The game can be played in three different game modes that are selected when the player starts a new game: "Sandbox" mode, "Science" mode, and "Career" mode. In sandbox mode, players are free to attempt any mission for which they can construct a suitable vehicle, with no punishments for failure and entirely user-assigned missions. Many players have constructed unrealistic spacecraft in this mode, such as unrealistically huge, complicated, and/or extremely expensive rockets. Many players have also created replicas of real-life rockets and aircraft as well as replica and non-replica automobiles, trains and boats.
In Science mode, the initial selection of parts is limited, with the more advanced parts unlocked via "Science", in the Research and Development building, gained by performing various scientific experiments on Kerbin and throughout the solar system. Science mode was partially designed to ease new players into the game and prevent them getting overwhelmed. Science gained on a mission needs to be received by the space port. This can be done by transmissions via antennas in the game, or recovery of a craft by landing back on Kerbin.
Career mode is an extension upon science mode, adding funds, reputation, and contracts. In order to build and launch new rockets, the players must complete contracts to earn funds to pay for the new parts. Reputation affects how many contracts are given to the player (less reputation leads to fewer and lower-quality contracts). Declining a contract will reduce the likelihood that a contract of the same type will appear.
While the game is not a perfect simulation of reality, it has been praised for its representation of orbital mechanics. Every object in the game except the celestial bodies themselves are under the control of a Newtonian dynamics simulation. Rocket thrust is applied accurately to a vehicle's frame based on the positions in which the force-generating elements are mounted. The strength of the joints connecting parts together is finite and vehicles can be torn apart by excessive or inappropriately directed forces.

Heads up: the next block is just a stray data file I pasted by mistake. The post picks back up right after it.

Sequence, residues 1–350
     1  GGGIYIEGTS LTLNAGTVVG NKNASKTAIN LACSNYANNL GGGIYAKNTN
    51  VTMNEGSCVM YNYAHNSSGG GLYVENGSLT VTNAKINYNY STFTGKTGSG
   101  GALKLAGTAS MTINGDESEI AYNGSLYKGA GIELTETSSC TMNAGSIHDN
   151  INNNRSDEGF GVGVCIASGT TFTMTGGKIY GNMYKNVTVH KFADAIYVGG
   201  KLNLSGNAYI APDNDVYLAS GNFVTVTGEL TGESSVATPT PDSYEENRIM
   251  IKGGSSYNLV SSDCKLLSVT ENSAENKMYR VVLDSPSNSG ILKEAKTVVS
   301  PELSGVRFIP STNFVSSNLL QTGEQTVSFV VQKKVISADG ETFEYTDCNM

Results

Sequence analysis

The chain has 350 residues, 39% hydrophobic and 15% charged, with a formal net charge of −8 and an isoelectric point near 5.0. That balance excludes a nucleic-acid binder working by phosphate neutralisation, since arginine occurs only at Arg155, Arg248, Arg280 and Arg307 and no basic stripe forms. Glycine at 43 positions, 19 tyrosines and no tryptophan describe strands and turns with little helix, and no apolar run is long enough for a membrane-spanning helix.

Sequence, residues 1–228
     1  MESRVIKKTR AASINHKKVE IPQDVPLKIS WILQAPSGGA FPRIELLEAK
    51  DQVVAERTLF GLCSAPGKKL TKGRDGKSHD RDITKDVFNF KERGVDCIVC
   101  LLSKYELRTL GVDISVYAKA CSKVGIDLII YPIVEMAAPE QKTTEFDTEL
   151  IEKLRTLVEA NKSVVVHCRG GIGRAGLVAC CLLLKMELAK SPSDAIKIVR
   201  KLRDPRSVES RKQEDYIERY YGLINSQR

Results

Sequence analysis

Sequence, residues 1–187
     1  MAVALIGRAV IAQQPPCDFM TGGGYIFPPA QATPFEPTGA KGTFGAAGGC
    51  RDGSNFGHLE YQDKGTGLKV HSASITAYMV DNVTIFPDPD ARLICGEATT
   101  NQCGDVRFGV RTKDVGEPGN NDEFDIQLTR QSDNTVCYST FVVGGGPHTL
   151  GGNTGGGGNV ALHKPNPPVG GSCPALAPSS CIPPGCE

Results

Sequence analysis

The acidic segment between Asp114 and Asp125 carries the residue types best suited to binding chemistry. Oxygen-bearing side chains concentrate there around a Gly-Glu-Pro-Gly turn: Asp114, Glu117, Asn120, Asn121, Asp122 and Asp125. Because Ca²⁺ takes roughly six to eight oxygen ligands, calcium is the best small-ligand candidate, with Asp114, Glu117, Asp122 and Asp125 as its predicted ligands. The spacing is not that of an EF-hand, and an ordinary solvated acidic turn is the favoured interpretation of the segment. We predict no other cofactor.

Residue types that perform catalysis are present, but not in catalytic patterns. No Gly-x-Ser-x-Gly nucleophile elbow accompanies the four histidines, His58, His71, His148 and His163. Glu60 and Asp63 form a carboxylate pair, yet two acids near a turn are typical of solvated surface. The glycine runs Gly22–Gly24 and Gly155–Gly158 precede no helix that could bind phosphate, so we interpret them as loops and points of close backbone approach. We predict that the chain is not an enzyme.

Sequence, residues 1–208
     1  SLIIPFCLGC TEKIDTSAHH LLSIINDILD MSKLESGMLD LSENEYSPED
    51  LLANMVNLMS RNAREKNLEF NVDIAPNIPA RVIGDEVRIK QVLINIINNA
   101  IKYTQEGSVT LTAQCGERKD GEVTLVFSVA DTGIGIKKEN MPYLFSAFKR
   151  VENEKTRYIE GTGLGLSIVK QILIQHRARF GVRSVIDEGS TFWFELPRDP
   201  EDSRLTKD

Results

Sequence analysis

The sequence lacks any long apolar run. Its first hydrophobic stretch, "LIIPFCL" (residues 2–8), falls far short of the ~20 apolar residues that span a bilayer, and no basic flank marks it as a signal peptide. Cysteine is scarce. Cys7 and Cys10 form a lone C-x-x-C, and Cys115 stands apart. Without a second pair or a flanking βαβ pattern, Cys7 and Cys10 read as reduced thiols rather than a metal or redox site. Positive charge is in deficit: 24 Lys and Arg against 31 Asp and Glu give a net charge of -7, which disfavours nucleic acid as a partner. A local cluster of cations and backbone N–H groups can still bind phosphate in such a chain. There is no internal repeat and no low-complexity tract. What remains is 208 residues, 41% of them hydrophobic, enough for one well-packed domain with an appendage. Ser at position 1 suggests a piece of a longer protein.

The game simulates trajectories and orbits using patched conic approximation instead of a full n-body simulation, and thus does not support Lagrange points, perturbations, Lissajous orbits, halo orbits and tidal forces. According to the developers, full n-body physics would require the entire physics engine to be rewritten.
The in-game astronauts, known as "Kerbals", have physics calculations applied to them when they are on extra vehicular activities. For example, hitting an object with only the Kerbal's feet will send them into a tumble. While on EVA, Kerbals may use their EVA suit propellant system (analogous to the NASA Manned Maneuvering Unit) to maneuver in space and around crafts and space stations. Actions that can be performed while on EVA include repairing landing legs, wheels, and solar panels. Kerbals can also collect material from science experiments, allowing them to bring back scientific data without having to bring back heavy or bulky parts or risking destruction of the data and experiment during atmospheric entry.